Valentine’s Day is just around the bend, and if you’re looking for a good holiday picture book to share with children, I’ve got just the one for you: J. J. Austrian’s Worm Loves Worm, illustrated by Mike Curato.
Worm and Worm, two nearly identical-looking creatures (only their eyes distinguish them), love one another and want to marry. Cricket points out that they’ll need someone to officiate. Beetle says a best man is necessary (“best beetle”). The bees call for bridesmaids (“bride’s bees”). At each suggestion, the worms comply, asking, “Now can we be married?” More questions are posed to them: How can they wear rings if they have no fingers? How can they dance if they have no feet? How can they wear hats, hold flowers, and eat their cake? The very patient worms have a solution for each challenge posed. Spider has some handy solutions, too.
Then—insert drum roll, please—“which one of you is the bride?” ask the Bees. Each worm decides they can be the bride. “But one of you has got to be the groom,” notes Beetle. Each worm decides they can be the groom. (The fact that the singular “they” was chosen as 2015’s Word of the Year, mostly as a response to gender identity issues, is making this paragraph easy for me to write. Thank you, American Dialect Society!) Problem solved. They’ll just change how it’s done, the worms say.
Hermaphrodites for the win.
Here at Kirkus, Claiborne Smith has already written about this book. Specifically, he talked to the author and illustrator back in early January. But I still want to do my part to tell readers about this story, because it’s well-done—and pulls off something rare in picture books. It manages to make a point and tell a love story without preaching to child readers (always a turn-off) and without boring them.
There’s a difference between a picture book telling the story of a romance and one that tells a story of love and/or friendship, as this story does. It’s hard to pull off the former—and can lead to a twitchy kind of boredom in a child audience. Frankly, children are interested in lots of things, but romance isn’t exactly one. I’ve seen picture books telling stories of romance that are beautifully illustrated, well-crafted, and charming as can be, but I always find myself wondering: What child would want to read this? Many of them are adult books disguised as children’s books.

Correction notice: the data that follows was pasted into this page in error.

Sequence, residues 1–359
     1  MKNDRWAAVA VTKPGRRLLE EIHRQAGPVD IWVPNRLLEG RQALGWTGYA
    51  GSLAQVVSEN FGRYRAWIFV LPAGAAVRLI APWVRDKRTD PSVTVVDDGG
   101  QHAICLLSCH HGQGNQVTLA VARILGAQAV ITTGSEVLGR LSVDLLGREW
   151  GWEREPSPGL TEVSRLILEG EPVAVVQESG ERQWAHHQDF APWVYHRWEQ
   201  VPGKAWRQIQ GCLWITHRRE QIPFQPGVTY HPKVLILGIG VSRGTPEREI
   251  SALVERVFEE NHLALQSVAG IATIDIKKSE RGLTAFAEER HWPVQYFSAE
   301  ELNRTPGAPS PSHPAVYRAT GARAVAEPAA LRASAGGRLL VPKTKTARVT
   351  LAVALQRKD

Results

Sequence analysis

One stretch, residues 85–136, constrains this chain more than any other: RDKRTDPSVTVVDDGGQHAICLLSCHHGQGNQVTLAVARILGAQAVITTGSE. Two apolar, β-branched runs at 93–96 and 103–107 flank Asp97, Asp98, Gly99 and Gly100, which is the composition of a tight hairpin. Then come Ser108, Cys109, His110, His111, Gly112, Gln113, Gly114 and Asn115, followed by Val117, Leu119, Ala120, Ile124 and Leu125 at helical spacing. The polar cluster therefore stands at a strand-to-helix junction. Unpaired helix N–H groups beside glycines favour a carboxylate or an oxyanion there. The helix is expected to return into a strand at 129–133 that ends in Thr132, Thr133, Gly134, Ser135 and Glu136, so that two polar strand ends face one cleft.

As but one example, last year I saw Marlise Achterbergh’s Princess Nina, a picture book import illustrated by Iris Compiet. It’s the story of a princess whose parents seek a suitable prince for her hand in marriage. No one quite does it for Nina—until, that is, she meets Princess Melowo. Nina falls hard for her. The book’s text captures well how it feels to fall in love: After she first meets the African princess, Nina can't sleep that night. "She thought about Princess Melowo: the way she walked and moved her hands, the stories she told, the sound of her voice. Princess Nina felt a tickle in her belly." The way she moved her hands? Yes, it’s the little things, isn’t it? When you first fall for someone, that is, you’re enamored by every little mannerism. That particular moment in the text rings so true.
And the fact that it’s a same-sex love is welcome. But don’t tweens—and definitely teens—care about falling in love way more than elementary-aged children? It’s bizarre (some would say unsettling) to see a story about two people falling in love who look like 8-year-old girls, as they do in this picture book. It’s all fine and good in that children, to be sure, know about love, but they don’t know a lot about romance. I have no answers here; I merely wonder if it’s another of these adult books in disguise. Perhaps there are children all over the world finding that this story speaks to them, and I’m way off point.
Worm Loves Worm, however, isn’t about the tickles in one’s belly, which young children don’t quite have top of mind right now. Instead, it’s an invitation for children to ponder more traditional thoughts on partnership and marriage—all pulled off with an economy of text and art, as well as a lack of heavy-handedness. In his Q&A with Austrian and Curato, Smith even uses the word “revolutionary” to describe this, though—since the book is being published after the Supreme Court’s 2015 decision on marriage equality—both author and illustrator see the book as less of a protest and more of a celebration. (Fun fact: Austrian did think of it as a protest book as he wrote it, all before that historic day in June of last year.)
It’s a tale that is a triumphant tribute to love and true-blue friendship in all stripes—and a love story truly fitting for all ages.
WORM LOVES WORM. Text copyright © 2016 by J. J. Austrian. Illustrations copyright © 2016 by Mike Curato. Illustration used by permission of the publisher, Balzer + Bray, New York.
Julie Danielson (Jules) conducts interviews and features of authors and illustrators at Seven Impossible Things Before Breakfast, a children's literature blog primarily focused on illustration and picture books.